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In which Hank talks about a smattering of the most terrifying real-life close-calls in space travel. The Russians seem to have a particular knack for getting into terrible situations but, somehow, not dying.

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Good Morning, John.

It's the day after Halloween. I don't like scary things very much but I did recently go see the movie Gravity, which was I... terrifying. I went to see it with Henry from Minute Physics and Derek from Veritasium and yes: for a brief period after the movie we did discuss how it violated the laws of physics a couple of times. Kind of annoying -- talked about that on SciShow, you can go watch it. But nevertheless, obviously a very great movie, and we spent more time talking about the actual, terrifying, real-life space disasters that many astronauts and cosmonauts have gone through. Not made up, not fictional and in the spirit of Halloween, lets talk about the real terrifying, terrifyingness of space.

For example, we all know that Neil Armstrong was a badass but did you know that in 1966 he was piloting Gemini 8 which got a maneuvering thruster stuck on it started to spin and spin and spin faster and faster and faster. They were within seconds of passing out due to the extreme G Forces - the thing was spinning at more than 1 rotation per second - when Neil Armstrong managed to get it under control because he's amazing.

Before that, in 1965, Alexey Leonov was the first person to ever do a space walk in a outer space suit. However when he went to get back in the capsule, he couldn't fit - his space suit had inflated to much. Oh I guess I'll just never go home. Instead what he did is he vented his space suit into space until he shrunk enough.
He was suffering from the bends in the cramped capsule so it took a little longer than they thought to get back to atmosphere so they landed way off course in a freezing cold forest. They opened it up and found that they were pretty much surrounded by wolves so they just stayed in the capsule until somebody came and rescued them.

Soyuz 5 was sent back for reentry with a single cosmonaut inside -- Boris Volynov. The service module, which is supposed to detach didn't detach so the thing went into the atmosphere nose first with the hatch slowly burning through. Luckily, the service module burned away and it righted itself -- what? But then the parachute didn't deploy correctly, and neither did the landing rockets fire, so he landed so hard that he broke his teeth. Also, no one knew where he was so he got out and walked several kilometers in negative 36 degrees Fahrenheit to a peasant's house to say "Hey, I'm a cosmonaut. My teeth are broken, can I sleep here?". The Russian Space Program, man. Wow!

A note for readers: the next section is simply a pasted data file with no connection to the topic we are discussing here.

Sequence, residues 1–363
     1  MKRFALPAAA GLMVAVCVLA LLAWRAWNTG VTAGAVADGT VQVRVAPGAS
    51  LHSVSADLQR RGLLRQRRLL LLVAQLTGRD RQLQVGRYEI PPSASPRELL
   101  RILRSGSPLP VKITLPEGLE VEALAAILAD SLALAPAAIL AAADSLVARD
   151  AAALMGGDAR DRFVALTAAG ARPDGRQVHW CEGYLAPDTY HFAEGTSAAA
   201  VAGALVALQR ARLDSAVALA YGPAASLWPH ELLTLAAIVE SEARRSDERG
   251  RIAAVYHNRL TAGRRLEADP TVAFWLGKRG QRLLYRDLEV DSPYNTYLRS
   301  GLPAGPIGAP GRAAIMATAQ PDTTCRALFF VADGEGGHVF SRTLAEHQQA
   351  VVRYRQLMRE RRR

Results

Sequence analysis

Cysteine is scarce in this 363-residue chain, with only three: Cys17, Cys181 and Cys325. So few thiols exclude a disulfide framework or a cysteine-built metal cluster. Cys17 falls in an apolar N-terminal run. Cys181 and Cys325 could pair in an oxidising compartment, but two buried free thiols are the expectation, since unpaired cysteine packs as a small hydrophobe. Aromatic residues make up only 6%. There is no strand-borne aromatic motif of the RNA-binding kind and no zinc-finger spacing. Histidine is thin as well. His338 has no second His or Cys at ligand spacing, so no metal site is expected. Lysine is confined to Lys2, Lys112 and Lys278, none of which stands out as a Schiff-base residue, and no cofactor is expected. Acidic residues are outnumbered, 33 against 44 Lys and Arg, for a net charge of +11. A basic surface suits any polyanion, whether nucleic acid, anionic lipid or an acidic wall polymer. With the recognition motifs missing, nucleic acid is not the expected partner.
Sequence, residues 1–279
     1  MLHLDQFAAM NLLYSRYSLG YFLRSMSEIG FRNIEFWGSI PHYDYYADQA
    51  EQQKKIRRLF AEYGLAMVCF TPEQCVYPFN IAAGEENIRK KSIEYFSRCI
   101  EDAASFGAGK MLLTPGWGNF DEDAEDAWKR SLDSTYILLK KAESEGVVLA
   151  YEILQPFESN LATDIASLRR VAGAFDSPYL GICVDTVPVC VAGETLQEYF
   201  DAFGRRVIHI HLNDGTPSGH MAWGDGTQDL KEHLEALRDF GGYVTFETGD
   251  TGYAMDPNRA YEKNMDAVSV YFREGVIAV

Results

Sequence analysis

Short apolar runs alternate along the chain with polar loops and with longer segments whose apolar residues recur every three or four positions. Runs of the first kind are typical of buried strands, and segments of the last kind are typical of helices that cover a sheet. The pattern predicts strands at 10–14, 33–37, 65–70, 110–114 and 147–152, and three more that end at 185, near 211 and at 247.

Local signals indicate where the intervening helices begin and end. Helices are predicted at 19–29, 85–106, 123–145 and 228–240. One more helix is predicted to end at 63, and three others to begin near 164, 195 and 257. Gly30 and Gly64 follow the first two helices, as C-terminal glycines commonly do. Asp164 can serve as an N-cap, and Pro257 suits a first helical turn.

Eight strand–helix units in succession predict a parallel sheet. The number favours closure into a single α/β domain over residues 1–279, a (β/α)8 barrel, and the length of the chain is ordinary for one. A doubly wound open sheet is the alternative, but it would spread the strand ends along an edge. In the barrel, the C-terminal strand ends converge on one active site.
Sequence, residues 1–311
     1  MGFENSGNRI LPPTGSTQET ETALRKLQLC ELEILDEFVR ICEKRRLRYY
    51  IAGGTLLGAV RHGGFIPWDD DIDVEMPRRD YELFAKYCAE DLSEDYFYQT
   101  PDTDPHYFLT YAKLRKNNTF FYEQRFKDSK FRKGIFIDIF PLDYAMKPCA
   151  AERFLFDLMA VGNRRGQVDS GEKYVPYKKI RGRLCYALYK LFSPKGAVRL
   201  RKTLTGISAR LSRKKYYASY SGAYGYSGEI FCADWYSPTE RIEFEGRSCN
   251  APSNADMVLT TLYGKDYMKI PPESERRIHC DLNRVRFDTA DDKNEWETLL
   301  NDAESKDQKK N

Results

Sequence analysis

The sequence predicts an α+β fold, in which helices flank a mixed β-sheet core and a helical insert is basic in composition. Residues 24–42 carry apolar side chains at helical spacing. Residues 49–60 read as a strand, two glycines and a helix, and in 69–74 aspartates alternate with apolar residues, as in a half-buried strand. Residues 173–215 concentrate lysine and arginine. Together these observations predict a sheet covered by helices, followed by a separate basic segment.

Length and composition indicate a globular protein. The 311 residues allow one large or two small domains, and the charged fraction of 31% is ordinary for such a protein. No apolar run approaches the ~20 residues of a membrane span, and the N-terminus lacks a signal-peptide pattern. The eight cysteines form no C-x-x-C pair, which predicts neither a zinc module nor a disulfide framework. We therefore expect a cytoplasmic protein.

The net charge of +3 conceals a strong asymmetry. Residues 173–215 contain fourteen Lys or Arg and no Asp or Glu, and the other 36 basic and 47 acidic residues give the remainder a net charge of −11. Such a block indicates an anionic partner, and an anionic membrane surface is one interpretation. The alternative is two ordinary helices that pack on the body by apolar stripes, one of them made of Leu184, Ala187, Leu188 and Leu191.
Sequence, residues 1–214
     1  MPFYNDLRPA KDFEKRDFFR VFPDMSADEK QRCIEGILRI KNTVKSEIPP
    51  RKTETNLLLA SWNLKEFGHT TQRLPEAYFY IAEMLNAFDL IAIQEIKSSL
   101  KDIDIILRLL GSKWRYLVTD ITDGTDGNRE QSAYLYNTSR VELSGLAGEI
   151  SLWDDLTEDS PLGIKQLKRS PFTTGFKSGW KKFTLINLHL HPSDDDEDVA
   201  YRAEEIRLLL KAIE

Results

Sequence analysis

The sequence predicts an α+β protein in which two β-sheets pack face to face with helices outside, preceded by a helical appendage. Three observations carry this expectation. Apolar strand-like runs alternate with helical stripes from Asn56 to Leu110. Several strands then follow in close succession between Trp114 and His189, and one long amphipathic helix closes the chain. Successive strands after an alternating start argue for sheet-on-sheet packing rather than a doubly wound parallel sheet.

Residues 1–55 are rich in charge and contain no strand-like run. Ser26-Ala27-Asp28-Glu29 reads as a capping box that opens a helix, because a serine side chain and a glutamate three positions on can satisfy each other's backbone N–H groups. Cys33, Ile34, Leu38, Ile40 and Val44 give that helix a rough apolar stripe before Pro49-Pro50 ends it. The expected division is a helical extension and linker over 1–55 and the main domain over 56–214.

Even scarier, Soyuz 18a -- named 18a by the way because they only name successful missions in Russia so they just call it 18a because that doesn't quite count as a mission - because when it was taking off, a separation failure caused the rocket to slowly turn and point itself toward the ground. The cosmonauts inside the capsule experience g-forces of 021G's which is like 3 G's away from lethal. Luckily the capsule figured out something was wrong, the abort sequence started and it flipped off. Despite the fact it was going toward the ground extremely quickly, the parachutes actually held. However, then it landed on the side of a snowy mountain, uh, and then slowly began to roll down the mountain toward a 400-foot cliff. It stopped like 20 feet away because its parachute -- again -- saved them by getting tangled in vegetation.

And it continues! Soyuz 23 crashed through the surface of a frozen lake and the cosmonauts had to stay down there for 9 hours before they got rescued - at the bottom of a lake. That's terrifying.

Apollo 13 -- very well known story, harrowing experience. But did you know that Apollo 12 also almost ended in disaster, when it was struck by lightning twice during launch.

Pretty much everything you can think of going wrong in space has gone wrong in space. Fires in space, space craft being depressurized, space suits being depressurized, there was a guy who poked a hole in his hand but he survived too. The most recent terrifying near miss was when Luca Parmitano's space suit malfunctioned and started dumping water that he was supposed to be drinking into his helmet, filling up his helmet with water in space. I don't want to drown in space. Scarier than any ghost story you're gonna hear on Halloween.

Thanks everyone for submitting your nerdy pumpkins for the Nerdfighter Pumpkin Carving Contest where you can win a book from by shelf inscribed to you by me. Please now go and look at all of the ones that have been submitted and vote on your favorites. In a week we will tally up the most voted up ones and they will get the prizes.

John, thanks for sharing this week and I'll see you on Tuesday.